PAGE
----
ACC Releases Third Update on Actions And Interventions Taken on 2019 and 2020 Auditor General’s Report
Been The Anti-Corruption Commission (ACC) of Sierra Leone has on Wednesday 30 March 2022 issued its third media release to inform the general public on the actions it has taken so far on issues raised in the 2019 and 2020 Auditor General’s Reports.
According to ACC, these interventions focused on aspects of possible, or alleged corruption and conducts inconsistent with the provision(s) in the Anti-Corruption Act of 2008 as amended in 2019.
“After a thorough review, and analysis of the aforementioned Reports, the Commission initiated actions; with a view to investigating, prosecuting, or recovering of public finds, public revenue, public property, as the case maybe, in accordance with Sections 7, and 48 of the Anti-Corruption Act of 2008 as amended in 2019, respectively,” ACC stated.
Below are the third set of issues, and areas of ACC interventions, and the outcomes of same:
1. KAMBIA DISTRICT COUNCIL.
The 2019 Auditor General’s Report alleged that between 1st January, 2019 and 31st December, 2019, the Management of the said Council made payments for goods and services without supporting documents amounting to the sum of Two Hundred and Forty-five Million, Five Hundred and Forty Thousand Leones (Le 245,540,000). At the end of ACC investigation, there is no evidence to point to the misappropriation of public funds. However, there was misplacement of documents as a result of poor filing management which the ACC believed could have been responsible for not making the documents available to auditors during the audit exercise. In that regard, the ACC has instructed its Prevention Department to conduct a very thorough and comprehensive systems and processes review on the Council in the bid to strengthen and enhance its records and filing management systems and compliance regime.
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2. SIERRA LEONE ROAD SAFETY AUTHORITY (SLRSA).
The Auditor General’s Report of 2020 highlighted that between 2019 and 2020, Top Management and Board Members of the SLRSA, benefited from the sum of Five Billion, One Hundred and Fifty-two Million, Four Hundred and Sixty-two Thousand, One Hundred and Forty-nine Leones, Fifty-two Cents (Le 5,152,462,149.52) through payment as monthly allowances, whilst they were receiving salaries as staff of other Ministries, Departments and Agencies (MDAs), and also receiving sitting allowances for Board Meetings attended. ACC investigation confirms that the Board Members and Management staff of SLRSA were not supposed to be beneficiaries of monthly allowances and therefore, not entitled to such payments. Accordingly, the ACC has recommended strongly that the Authority should refund the total sum of One Billion, Three Hundred and Eighty-six Million, Nine Hundred Thousand, Nine Hundred and Seventy Leones (Le 1,386,900,970) to the Consolidated Revenue Fund (CRF), being the total amount paid to the Board Members and top management staff as monthly allowances. The practice should also be avoided completely.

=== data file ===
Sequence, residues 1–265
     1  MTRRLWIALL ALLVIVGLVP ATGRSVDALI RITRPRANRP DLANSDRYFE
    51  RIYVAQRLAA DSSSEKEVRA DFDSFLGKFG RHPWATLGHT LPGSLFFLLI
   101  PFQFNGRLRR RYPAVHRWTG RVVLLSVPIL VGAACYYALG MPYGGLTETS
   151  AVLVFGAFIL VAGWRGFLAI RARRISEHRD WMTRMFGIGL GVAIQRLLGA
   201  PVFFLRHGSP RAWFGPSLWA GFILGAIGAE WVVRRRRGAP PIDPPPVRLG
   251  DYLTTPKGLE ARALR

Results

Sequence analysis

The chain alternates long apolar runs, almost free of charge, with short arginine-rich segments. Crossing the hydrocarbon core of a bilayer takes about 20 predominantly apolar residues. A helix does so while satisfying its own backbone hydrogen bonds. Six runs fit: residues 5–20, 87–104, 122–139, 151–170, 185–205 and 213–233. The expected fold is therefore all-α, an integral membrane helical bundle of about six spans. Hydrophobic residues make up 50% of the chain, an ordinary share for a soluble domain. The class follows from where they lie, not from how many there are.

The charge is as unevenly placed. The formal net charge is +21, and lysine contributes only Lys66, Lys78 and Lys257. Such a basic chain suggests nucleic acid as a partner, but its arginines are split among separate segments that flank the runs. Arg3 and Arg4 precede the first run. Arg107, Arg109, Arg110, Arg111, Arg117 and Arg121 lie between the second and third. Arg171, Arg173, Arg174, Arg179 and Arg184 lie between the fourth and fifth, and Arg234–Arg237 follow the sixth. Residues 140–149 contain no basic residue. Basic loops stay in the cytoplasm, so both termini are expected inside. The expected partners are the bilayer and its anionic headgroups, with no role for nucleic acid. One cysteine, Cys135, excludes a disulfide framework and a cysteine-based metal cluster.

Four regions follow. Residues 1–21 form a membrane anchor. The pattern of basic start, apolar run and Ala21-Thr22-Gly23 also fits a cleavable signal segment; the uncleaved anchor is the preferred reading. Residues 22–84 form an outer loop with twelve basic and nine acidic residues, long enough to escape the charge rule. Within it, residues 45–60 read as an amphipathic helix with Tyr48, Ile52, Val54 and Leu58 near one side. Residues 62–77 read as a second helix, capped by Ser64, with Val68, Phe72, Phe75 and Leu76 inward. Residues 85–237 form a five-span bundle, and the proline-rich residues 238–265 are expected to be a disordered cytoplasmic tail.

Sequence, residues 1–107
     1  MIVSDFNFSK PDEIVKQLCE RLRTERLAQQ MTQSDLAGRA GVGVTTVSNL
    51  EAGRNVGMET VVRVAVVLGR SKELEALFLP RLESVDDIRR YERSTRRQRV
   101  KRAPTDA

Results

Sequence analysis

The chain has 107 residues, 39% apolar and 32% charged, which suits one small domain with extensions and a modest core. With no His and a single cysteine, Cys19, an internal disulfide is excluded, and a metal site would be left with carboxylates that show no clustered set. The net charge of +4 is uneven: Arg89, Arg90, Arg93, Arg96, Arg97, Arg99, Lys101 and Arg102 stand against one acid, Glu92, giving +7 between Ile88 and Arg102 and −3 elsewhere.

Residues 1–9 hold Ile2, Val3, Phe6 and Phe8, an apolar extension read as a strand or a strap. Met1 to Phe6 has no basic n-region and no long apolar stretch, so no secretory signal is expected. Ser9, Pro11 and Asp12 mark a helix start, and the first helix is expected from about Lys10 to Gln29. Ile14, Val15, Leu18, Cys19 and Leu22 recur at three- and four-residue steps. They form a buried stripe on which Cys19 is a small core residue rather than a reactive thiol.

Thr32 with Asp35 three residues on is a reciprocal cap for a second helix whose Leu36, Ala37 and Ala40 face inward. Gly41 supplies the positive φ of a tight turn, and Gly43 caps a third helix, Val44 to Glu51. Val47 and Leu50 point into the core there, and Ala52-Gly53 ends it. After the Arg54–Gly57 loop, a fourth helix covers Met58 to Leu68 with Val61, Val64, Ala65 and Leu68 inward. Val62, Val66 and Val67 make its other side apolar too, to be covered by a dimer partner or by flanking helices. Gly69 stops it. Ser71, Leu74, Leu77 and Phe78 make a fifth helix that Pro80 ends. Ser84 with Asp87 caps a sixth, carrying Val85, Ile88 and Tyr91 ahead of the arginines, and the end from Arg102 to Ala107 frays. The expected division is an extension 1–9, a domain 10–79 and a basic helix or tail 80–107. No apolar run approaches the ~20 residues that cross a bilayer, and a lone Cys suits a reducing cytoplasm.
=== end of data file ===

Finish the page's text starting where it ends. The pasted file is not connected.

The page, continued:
3. SIERRA LEONE AIRPORT AUTHORITY (SLAA).
The Auditor General’s Report 2020, stated that, there was the non-disclosure of a loan amounts of Seven Billion (Le 7,000,000,000) and Four Billion, Nine Hundred Million Leones (Le 4,900,000,000)* for staff salaries/allowances and the procurement of an aircraft rescue equipment respectively obtained by SLAA. According to the said Report, the comfort letters used by the Ministry of Finance (MOF) to obtain these loans were not provided to Auditors for inspection. ACC investigation reveals that;